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friend recently pointed out to me, with all kindness and gentleness, that I am a nerd. I had never really considered myself to be a nerd before, but the truth was there, staring me in the face. Not everyone likes to read books. Not everyone likes sitting in class listening to a lecture on the finer points of church history. Not everyone gets a sublime joy from correctly identifying a Greek participle. The fact that I do places me squarely in the societal category of “nerd.

I think a few friends who heard I was headed to seminary assumed this decision came mainly because I carry this “nerd” gene, and that gives me a strange compulsion toward school. They would not be entirely wrong. If I go for too long without learning something new, without thought-provoking conversation and study, and without fresh teaching to stimulate my mind, I start to feel thirsty for new depths of imagination. 

But those dear friends would not be entirely right, either. Coming to seminary is, in fact, more than just a “nerd thing.” It was something bigger that has propelled me out of my beloved sunny California and into a quirky pocket of the Midwest called Kansas City.

I began to first identify God’s call to ministry while I was in college. All my life I had loved serving alongside my parents in our small, inner-city church in San Diego. I loved going with my dad on pastoral visits to homes and hospitals, loved discussing sermon material with him, loved singing on the worship team with my mom, and loved helping with our outreach events. I also loved learning about “why,” whether it was a theological claim or the decision to give a parishioner opportunity to lead. This was the work of my family, and as much as I loved it, I didn’t think of it in terms of a calling from God.

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When I left home and attended Olivet Nazarene University, the same passions remained. I still loved cross-cultural ministry, still loved leading worship through song, still loved opportunities to disciple and teach others. At some point, I finally began to acknowledge that this passion for ministry and for serving the church was actually a gift and call from God. Somehow, I knew God wanted me to use these passions and gifts for the sake of His kingdom.

This shouldn’t have surprised me, but it did. Apparently, others weren’t too surprised. I remember timidly writing to a couple of my former youth leaders from home about the possibility of doing an internship with them and explaining that I was starting to wonder if I was called to pastoral ministry.

Shawna’s response was, “Part of you thinks you'd be a good pastor? Rebecca, have you met yourself?" Also, for the record, my sister slipped NTS brochures under my pillow since before I had finished my first year of college.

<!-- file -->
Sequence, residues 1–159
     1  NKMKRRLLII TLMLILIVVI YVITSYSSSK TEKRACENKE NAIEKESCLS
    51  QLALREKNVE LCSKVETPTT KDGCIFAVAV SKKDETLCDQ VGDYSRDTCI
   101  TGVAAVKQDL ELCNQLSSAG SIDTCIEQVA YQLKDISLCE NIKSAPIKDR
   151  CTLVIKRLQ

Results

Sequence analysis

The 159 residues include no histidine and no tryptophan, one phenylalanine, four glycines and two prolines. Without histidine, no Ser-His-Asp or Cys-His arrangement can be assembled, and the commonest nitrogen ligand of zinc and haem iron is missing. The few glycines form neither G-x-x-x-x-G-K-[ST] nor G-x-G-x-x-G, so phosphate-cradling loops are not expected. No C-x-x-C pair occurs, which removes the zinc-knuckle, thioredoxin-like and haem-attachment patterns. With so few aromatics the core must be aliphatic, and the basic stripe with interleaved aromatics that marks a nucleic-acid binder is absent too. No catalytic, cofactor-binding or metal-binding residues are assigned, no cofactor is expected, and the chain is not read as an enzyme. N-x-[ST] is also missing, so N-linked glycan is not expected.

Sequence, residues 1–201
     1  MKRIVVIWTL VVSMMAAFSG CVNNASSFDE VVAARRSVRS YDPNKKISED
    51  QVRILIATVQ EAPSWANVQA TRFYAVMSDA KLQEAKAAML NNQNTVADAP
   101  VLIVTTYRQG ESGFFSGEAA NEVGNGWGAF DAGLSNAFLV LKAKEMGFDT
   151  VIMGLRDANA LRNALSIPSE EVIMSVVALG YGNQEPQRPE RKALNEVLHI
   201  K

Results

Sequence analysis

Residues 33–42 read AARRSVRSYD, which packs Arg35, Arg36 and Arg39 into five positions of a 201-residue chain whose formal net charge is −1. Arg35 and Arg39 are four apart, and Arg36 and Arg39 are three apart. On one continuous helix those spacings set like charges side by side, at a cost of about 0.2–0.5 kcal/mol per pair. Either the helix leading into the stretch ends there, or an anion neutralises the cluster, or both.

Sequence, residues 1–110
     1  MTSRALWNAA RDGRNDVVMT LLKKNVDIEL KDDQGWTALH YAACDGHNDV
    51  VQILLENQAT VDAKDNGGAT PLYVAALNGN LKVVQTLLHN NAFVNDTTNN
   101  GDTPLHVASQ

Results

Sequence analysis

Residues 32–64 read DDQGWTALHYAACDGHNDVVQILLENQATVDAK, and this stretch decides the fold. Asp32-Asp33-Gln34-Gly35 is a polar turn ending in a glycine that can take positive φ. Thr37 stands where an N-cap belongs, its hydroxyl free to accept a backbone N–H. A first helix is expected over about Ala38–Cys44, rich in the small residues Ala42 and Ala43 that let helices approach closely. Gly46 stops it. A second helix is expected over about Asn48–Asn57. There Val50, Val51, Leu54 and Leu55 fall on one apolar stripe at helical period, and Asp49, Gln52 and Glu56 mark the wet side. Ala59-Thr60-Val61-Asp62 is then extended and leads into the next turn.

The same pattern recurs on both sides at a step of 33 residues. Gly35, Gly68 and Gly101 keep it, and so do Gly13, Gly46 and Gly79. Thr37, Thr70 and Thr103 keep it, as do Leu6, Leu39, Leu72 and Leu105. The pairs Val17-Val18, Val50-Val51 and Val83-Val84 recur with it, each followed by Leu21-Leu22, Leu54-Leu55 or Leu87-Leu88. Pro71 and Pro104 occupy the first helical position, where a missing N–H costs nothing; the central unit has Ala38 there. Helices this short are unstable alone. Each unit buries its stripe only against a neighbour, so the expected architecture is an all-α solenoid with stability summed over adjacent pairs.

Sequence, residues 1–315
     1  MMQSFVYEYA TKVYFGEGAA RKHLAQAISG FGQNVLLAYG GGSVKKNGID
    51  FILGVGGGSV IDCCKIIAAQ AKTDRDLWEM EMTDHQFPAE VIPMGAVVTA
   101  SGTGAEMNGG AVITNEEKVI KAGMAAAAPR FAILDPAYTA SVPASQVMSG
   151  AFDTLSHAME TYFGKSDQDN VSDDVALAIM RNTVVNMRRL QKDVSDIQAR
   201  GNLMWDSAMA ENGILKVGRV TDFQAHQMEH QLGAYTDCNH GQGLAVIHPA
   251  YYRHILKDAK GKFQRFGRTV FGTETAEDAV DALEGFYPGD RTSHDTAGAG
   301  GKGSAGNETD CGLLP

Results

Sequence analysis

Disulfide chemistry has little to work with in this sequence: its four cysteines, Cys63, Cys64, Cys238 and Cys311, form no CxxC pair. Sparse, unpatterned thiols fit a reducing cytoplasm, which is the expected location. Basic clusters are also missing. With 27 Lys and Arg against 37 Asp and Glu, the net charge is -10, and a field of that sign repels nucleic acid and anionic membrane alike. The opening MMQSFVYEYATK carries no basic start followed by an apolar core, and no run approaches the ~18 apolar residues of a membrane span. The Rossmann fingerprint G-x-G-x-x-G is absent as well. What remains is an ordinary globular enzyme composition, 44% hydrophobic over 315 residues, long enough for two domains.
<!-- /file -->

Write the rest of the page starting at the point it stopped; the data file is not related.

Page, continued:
God continued to cultivate in me a deep love for the church, a deep love for the Word, and a deep love for journeying with others along the way of Jesus.

I finished a B.A. in intercultural studies and a M.A. in religion at Olivet before venturing into my first ministry assignment as the worship pastor at a lovely church in Bakersfield, California. Before long, God stirred in me a desire to better understand and articulate the Christian faith. My professors at Olivet had prepared me well, but as I encountered the life of the church in fresh ways and discovered more about the truths I had learned at the university, I knew I wanted to learn more. I enrolled as a distance student at Nazarene Theological Seminary, and it was a great experience. I eagerly looked forward to Skyping into class every week. Yes, the nerd part of me was ecstatic to be learning and dialoging again, but there was also a sense that this was the best step I could take to continue preparing for a life of ministry.

Two semesters later, God opened the doors for me to move to Kansas City and become part of the community of students and professors on the seminary campus. It was hard to leave my family again, but every one of them whole-heartedly affirmed that this was where God was leading me. I tearfully hugged my brother goodbye and he just grinned, his eyes twinkling as he shook his head, saying, “You’re going to do great!”

When our new seminary president, Dr. Jaren Rowell, was inaugurated, the words of his address resonated deeply in my heart, confirming the very reasons I had come. He said, “The work of the seminary is not only about gaining knowledge, but about Christian nurture that deepens the spiritual life of students and forms them in the way of Jesus. . . . The task of academic research at seminary is not to foster innovation for its own sake, but to help us keep clarity on the gospel of our Lord Jesus Christ.”

Dr. Rowell also pointed us all to the NTS statement of purpose, which I want to adopt for my life: “[We] are committed to these common purposes: to know and love the Lord, to speak about the Lord, and to walk with the Lord.”

More than anything else, I want to know Christ, to honor and love him, and to faithfully proclaim the good news of Jesus Christ to the world. I’m thankful for the ways my theological education at NTS is helping me to do that, now and for a lifetime.


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